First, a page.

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Storefront Theatre Salutes Nancy LaMott May 23-24 at the Duplex

The Storefront Theatre's Spring benefit We Miss Nancy: The Storefront Sings LaMott will be presented at The Duplex Cabaret Theatre on Monday, May 23rd at 7 PM, and Tuesday, May 24th at 9:30 PM.

As its title indicates, the show (which is directed by Phil Geoffrey Bond with Musical Direction by Ray Fellman) will feature some of today's leading lights from the cabaret world in a tribute to "the brilliant cabaret performer and recording artist who placed her indelible stamp on some of the most classic compositions ever written, before her untimely death in 1995."

The May 23rd evening consists of the following songs and singers, all of whom have been touched by LaMott's artistry: Scott Ailing ("That Old Black Magic"), Bobby Belfry ("Just in Time For Christmas"), Brandon Cutrell ("Where Do You Start?"), Baby Jane Dexter ("Don't Get Around Much Anymore/I'm Glad There is You"), frequent LaMott collaborator David Friedman ("Trust the Wind"), Maria Gentile ("Help is on The Way"), Nikki Renee Daniels ("I Have Dreamed"), David Gurland ("Accentuate the Positive"), Rick Jensen ("In Passing Years"), Liz McCartney ("Listen to My Heart"), Phillip Officer ("We Can Be Kind"), Marty Thomas, and Nick Cearley, Brandon Cutrell & Sarajean Devenport performing a Johnny Mercer medley.

The May 24th evening will feature Lisa Asher ("In Passing Years"), Scott Coulter ("My Foolish Heart"), David Friedman ("Trust the Wind"), Audrey Lavine ("Out of This World/So in Love"), Karen Mack ("Help is on The Way"), Carolyn Montgomery ("Beautiful Baby"), Kate Pazakis ("We Live on Borrowed Time"), Julie Reyburn ("The Child in Me"), Ricky Ritzel ("Not Exactly Paris"), Shonn Wiley, ("How Deep is the Ocean?"), and once more, Nick Cearley, Brandon Cutrell & Sarajean Devenport in a Johnny Mercer medley.

Nancy LaMott, considered by many to have been the greatest singer of American Popular Standards of her generation, was on the verge of stardom when she was struck down by uterine cancer at the age of 43. One of the most sought-after cabaret singers in San Francisco, Nancy soon found her way to New York, where she quickly became known in the cabaret world as one of the great singers of her time. In 1989, Nancy met composer/conductor David Friedman, who felt she should be making records, and offered to produce them himself. Based on the success of the first record, Beautiful Baby, Nancy's popularity began to spread to a wider circle and she began breaking attendance records at some the most prestigious clubs in New York, including the Chestnut Room at Tavern on the Green and the world famous Oak Room at the Algonquin.

Subsequently, Nancy toured extensively, was discovered by WQEW disc jockey Jonathan Schwartz, which led to her being played on 1,000 radio stations all over the country, and appeared on numerous television shows including Live With Regis & Kathie Lee. Kathie Lee Gifford became a huge fan and played an enormous part in promoting Nancy nationally and also in personally supporting her toward the end of her life. Nancy also sang at the White House twice, and became a favorite of the Clintons.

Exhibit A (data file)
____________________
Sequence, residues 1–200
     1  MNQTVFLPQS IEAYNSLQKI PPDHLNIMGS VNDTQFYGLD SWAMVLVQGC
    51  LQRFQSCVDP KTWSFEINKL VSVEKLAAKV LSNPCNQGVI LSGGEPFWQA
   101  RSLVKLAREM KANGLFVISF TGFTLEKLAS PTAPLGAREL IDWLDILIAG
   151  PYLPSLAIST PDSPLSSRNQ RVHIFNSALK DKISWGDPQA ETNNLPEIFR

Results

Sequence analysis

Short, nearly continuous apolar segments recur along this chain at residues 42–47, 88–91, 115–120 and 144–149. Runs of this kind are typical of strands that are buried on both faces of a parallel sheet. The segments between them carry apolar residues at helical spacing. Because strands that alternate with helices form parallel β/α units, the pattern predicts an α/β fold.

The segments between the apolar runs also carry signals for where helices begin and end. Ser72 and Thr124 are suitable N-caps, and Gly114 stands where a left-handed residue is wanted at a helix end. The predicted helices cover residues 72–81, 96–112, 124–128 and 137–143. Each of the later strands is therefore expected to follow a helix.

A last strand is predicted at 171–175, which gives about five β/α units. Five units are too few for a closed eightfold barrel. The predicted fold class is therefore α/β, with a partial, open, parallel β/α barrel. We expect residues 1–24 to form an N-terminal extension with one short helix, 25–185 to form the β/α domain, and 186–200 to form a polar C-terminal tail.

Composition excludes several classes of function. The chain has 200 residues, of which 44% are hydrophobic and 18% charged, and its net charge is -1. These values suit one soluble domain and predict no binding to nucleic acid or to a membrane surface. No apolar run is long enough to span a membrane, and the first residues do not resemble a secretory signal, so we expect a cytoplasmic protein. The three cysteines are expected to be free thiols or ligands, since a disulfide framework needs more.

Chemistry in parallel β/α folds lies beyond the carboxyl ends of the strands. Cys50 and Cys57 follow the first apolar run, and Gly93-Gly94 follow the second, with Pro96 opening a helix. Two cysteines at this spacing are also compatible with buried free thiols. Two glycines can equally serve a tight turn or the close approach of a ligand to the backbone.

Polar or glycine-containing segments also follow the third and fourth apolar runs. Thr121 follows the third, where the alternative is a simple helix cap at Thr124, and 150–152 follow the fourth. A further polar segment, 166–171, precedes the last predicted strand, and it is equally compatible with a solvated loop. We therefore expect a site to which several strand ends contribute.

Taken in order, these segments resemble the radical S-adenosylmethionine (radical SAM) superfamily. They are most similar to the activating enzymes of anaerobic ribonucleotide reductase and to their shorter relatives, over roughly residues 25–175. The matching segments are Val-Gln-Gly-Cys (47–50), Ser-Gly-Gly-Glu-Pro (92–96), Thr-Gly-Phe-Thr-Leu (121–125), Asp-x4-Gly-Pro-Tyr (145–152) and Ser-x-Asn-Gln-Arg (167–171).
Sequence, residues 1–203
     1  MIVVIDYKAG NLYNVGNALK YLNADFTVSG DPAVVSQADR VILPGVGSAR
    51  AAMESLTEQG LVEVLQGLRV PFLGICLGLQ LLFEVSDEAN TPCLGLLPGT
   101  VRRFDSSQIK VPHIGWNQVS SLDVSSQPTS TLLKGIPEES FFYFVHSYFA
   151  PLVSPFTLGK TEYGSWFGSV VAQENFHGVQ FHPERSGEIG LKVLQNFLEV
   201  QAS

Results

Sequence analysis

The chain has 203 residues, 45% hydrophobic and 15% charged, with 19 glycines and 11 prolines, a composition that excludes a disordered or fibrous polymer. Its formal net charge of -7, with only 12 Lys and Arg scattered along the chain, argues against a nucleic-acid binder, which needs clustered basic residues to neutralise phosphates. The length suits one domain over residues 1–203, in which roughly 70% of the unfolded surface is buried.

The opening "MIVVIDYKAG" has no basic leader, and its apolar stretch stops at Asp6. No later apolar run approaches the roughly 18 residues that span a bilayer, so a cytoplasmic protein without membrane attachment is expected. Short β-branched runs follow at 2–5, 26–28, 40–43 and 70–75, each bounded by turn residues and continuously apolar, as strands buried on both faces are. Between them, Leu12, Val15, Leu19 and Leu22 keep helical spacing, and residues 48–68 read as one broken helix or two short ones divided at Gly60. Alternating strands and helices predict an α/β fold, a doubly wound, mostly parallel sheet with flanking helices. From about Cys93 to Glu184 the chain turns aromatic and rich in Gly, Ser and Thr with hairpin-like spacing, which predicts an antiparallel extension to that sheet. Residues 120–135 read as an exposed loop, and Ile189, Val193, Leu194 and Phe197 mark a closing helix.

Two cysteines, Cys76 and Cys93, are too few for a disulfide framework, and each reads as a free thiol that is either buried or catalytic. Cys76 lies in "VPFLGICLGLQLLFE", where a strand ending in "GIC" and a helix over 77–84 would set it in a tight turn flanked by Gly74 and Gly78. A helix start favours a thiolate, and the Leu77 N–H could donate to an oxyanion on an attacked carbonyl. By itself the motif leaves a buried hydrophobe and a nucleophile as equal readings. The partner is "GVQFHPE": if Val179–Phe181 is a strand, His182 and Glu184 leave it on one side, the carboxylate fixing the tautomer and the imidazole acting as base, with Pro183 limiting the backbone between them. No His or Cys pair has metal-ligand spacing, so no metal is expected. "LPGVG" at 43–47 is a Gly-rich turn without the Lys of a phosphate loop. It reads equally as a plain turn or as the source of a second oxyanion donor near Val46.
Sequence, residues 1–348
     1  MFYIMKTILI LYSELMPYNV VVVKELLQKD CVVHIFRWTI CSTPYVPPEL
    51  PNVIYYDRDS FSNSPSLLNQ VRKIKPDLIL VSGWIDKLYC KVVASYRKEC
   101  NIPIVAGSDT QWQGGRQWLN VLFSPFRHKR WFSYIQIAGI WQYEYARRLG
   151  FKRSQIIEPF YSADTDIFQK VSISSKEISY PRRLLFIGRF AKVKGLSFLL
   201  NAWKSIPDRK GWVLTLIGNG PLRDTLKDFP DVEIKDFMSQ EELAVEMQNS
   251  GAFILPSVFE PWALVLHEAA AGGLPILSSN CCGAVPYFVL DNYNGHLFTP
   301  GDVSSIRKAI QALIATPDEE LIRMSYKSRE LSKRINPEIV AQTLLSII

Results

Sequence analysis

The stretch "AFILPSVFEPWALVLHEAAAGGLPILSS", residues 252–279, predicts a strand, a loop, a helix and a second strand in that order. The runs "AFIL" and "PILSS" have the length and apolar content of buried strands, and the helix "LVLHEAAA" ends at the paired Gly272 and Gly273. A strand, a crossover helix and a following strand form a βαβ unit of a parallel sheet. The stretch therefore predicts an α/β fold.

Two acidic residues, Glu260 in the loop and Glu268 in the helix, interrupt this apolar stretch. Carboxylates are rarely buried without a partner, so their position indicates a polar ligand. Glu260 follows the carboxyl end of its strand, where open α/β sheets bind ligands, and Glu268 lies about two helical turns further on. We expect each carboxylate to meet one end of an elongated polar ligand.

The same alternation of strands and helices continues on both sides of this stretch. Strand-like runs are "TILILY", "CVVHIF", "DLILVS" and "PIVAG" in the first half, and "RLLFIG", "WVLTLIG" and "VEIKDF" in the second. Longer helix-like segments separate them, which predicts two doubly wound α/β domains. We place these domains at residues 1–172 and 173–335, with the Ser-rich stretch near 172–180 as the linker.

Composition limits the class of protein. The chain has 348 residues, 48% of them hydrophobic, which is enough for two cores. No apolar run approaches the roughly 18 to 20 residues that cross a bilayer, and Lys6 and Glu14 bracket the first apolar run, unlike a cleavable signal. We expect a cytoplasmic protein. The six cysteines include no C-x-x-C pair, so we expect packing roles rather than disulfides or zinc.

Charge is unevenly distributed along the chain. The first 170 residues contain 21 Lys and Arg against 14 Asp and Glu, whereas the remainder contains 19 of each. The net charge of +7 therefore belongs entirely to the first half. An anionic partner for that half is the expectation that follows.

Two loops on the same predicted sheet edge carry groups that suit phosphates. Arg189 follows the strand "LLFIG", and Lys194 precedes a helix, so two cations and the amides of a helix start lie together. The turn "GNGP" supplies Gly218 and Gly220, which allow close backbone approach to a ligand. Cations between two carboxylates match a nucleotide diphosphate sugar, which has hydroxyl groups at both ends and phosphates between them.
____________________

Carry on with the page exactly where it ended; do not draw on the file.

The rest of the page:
In March of 1995, Nancy was diagnosed with uterine cancer. Nancy chose hormone therapy as opposed to surgery so that she could complete the greatest album of her career, Listen To My Heart, with a full orchestra orchestrated by the legendary Peter Matz. Shortly after her diagnosis, Nancy was in San Francisco doing an AIDS benefit when she was introduced to actor Pete Zapp. They quickly fell in love and began a bicoastal romance. In July, Nancy was told that the hormone therapy had not worked and that she needed to have a hysterectomy. She postponed it one month so that she could play the Algonquin one more time. As soon as that engagement was over, Nancy had the surgery and was told that the cancer had spread slightly and that she would need chemotherapy.

During this period, Nancy kept performing, doing a sold out week at Tavern on the Green, and even fulfilling concert dates around the country. The chemo and the disease began to take their toll, and just a few days after her last two performances, an appearance on "Charles Grodin" and her regular annual visitto WQEW's on-air Christmas Party, Nancy was rushed to the hospital and her shocked friends and family were told that she had just a couple of days to live. Peter Zapp and her family and friends rushed to her side. That night, President and Mrs. Clinton phoned her in the hospital to wish her well. In the last hour of her life, Father Stephen Harris performed a bedside wedding ceremony for Nancy and Peter. Nancy died with friends and family around her, married for the first time in her life, and knowing she was on her way to worldwide recognition. The outpouring of support and love that followed Kathie Lee's tearful on-air announcement of Nancy's death the next morning has grown and grown. Since Nancy's tragic and untimely death, her six albums have soared in popularity and her story has touched thousands of people across the nation.

Due to limited seating capacity, reservations are strongly encouraged, and can be made by calling 212.255.5438. There is a $15 cover, as well as a two-drink minimum. No one under 21 is permitted, and credit cards are accepted.

The Duplex Cabaret Theatre is located at 61 Christopher St., in the heart of New York's West Village.

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